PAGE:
Sunday, September 25, 2011

ANTOINE ROBIDOUX, 13 NOVEMBER 1837 - AN HISTORIC INSCRIPTION:



Antoine Robidoux inscription,
Westwater canyon, Utah.
Photo: Peter Faris, 2001. 

On the wall of what is now named Westwater Canyon in the Bookcliffs of Grand County in eastern Utah (about 5 miles west of the Utah-Colorado border) there is a concentration of rock art. Ranging from Archaic to historic the pictographs and petroglyphs include painted Barrier Canyon style figures, pecked Archaic and Uncompaghre Style petroglyphs, painted Ute Indian figures and symbols, and some historic imagery. On the west wall of the canyon a surface approximately 9 feet high and 4½ feet wide bears a prehistoric painted red shield with an inscription carved above it that reads Antoine Robidoux passé ici le 13 Novembre 1837 pour etablire maison traitte a la Rv. Vert ou wiyte. Translated from the French, this means: “Antoine Robidoux passed here 13 November 1837 to establish a trading post at the Green River or White.”


Antoine Robidoux, 1843,
Museum of New Mexico.

Antoine Robidoux had been born in 1794, one of the sons of Joseph Robidoux, Sr., French-Canadian owner of a St. Louis-based fur trading company. In early 1824, Antoine and his brother Louis rode 800 miles to Santa Fe where they visited with an old family friend and close ally, Auguste Choteau. In the late summer of 1824 Antoine had joined a party of trappers led by Etienne Provost from Santa Fe into the wilderness of what would later become eastern Utah and western Colorado to explore the trapping and trading potential of new beaver country. They found streams filled with beaver and the resident Ute Indians friendly and eager to trade.

Antoine and his brother Louis became Mexican citizens and in 1827 Antoine was elected to the Santa Fe City Council. He had also been courting the Mexican Governor’s adopted daughter, Carmel Benevides. Antoine received the governor’s permission to marry Carmel in 1828. As the son-in-law of Santa Fe’s most powerful official, doors opened for Antoine that might otherwise have remained closed. Within weeks he received what amounted to an exclusive license to trade and trap in the mountain territory that would someday become western Colorado and eastern Utah. Antoine shortly organized an expedition into that area. Antoine took his pack animals north out of Taos, traveled into the San Luis Valley of southern Colorado and then took an old Indian track over the continental divide at Cochetopa Pass. From there he descended down into the Gunnison Valley, passed south of what is now the Blue Mesa Reservoir, crossed Cerro Summit and dropped into the Uncompaghre Valley where he built his first trading post.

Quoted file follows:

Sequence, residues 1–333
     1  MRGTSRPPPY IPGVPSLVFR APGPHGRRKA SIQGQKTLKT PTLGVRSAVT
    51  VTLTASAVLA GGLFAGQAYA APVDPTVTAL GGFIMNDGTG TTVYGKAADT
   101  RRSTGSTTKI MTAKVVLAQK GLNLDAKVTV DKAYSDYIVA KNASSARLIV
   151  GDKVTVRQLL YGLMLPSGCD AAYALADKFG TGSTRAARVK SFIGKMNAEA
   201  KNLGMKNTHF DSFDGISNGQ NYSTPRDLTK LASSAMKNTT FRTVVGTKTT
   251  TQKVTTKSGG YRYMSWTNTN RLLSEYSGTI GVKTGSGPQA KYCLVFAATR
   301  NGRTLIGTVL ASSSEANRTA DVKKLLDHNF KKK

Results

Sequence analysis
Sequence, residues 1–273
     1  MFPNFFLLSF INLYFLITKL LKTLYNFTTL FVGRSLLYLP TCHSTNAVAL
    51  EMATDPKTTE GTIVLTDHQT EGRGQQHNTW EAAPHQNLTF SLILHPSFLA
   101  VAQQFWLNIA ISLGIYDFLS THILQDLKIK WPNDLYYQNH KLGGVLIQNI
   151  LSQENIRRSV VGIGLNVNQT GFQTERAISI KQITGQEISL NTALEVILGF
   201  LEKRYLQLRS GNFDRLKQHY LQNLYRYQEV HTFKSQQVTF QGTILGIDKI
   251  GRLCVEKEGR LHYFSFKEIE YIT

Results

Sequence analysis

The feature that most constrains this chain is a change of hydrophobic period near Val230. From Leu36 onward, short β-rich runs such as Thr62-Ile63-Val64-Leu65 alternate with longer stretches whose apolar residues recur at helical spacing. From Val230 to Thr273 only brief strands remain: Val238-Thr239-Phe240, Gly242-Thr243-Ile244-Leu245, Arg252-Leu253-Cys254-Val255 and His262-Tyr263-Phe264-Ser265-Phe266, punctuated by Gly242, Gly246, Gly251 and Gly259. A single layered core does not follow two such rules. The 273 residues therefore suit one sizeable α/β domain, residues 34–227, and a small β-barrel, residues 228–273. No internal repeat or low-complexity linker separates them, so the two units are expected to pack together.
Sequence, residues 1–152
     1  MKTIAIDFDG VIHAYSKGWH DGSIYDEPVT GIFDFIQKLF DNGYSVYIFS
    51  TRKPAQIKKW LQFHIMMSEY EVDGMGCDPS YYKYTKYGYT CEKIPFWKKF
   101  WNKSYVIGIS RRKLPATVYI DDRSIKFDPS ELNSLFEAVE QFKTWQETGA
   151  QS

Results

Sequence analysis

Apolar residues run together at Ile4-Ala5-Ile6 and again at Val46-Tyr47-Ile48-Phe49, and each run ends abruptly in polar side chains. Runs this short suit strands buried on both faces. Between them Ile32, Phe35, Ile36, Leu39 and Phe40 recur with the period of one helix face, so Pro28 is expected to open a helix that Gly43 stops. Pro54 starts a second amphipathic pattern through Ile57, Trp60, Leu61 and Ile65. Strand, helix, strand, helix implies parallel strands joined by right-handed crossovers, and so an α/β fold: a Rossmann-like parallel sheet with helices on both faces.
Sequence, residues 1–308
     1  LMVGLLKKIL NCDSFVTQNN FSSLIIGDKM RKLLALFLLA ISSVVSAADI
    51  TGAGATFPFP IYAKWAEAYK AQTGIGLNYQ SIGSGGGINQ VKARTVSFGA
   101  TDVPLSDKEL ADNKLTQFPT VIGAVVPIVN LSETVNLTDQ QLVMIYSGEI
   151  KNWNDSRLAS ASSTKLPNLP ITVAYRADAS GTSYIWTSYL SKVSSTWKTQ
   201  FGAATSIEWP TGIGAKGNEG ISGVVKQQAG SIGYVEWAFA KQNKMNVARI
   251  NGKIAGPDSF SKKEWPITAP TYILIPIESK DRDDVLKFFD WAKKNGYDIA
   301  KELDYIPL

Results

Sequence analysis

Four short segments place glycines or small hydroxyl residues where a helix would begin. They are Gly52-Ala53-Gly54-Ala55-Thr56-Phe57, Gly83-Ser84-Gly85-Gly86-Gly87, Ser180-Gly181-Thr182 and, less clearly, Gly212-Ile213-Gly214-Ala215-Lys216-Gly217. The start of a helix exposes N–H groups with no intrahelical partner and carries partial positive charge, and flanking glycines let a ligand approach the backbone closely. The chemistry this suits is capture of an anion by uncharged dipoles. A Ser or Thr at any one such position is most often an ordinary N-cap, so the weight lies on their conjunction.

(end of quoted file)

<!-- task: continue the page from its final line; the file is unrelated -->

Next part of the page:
Fort Uncompaghre was erected in 1828 and trading began that year. It was built on the south bank of the Gunnison River. Antoine selected a site two miles below the confluence of the Gunnison and Uncompaghre rivers, convenient also because it was a short distance from a natural fording place.

Reconstructed Fort Robidoux, in Delta, CO, from
Antoine Robidoux and Fort Uncompaghre, Ken Reyher,
1998, Western Reflections Inc., Ouray, CO.

In September 1844, warring Utes killed the employees of Fort Uncompaghre and took the trade goods. They also killed more than 100 settlers from Abique to the San Luis Valley before attacking the fort.  A new governor in Santa Fe placed part of the blame for the uprising on Robidoux and ordered an investigation of his sale of firearms to the Utes. Facing threatened legal action Carmel closed their Santa Fe home and returned to St. Joseph with her daughter. Antoine, who possibly spent several months in the Wyoming area, also returned east according to a story in the September 17, 1845, Missouri Democrat. After the 1844 destruction of Fort Uncompaghre, and with the trapping business in decline, Antoine spent the next few years as a guiding immigrant parties, and as an army interpreter.

Essentially starting over in 1849-50, Robidoux amassed another fortune outfitting immigrants at St. Joseph and then re-outfitting them at the only blacksmith and supply station in western Nebraska. An 1851 immigrant described "an old man nearly blind" wintering at the post. This was probably Antoine, who died in 1860 in St. Louis.

Although the inscription panel shows numerous bullet holes acquired during the historic period, actually primarily aimed at the Native American shield image, it presents us with a record of a fascinating piece of the history of the American West, an inscription from the latter years of the fur trappers and mountain men and the beginning of written history in the central intermountain area.

6 comments:

  1. Great post! Unfortunately the rock art and inscription broke off earlier this year: http://blog.rockart.me/2011/06/time-takes-its-toll/

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  2. Thank you for your time

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  3. thank you for all the info

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  4. I thank you very much

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  5. my son and wife took a trip there early in the spring of 2016 . its broke and it would be nice if somebody could fix it. it was great seeing it though. my grandpa was llewelyn roubidoux 2nd great nephew of antoine robidoux my name is ricky joe hanse living in salt lake city now

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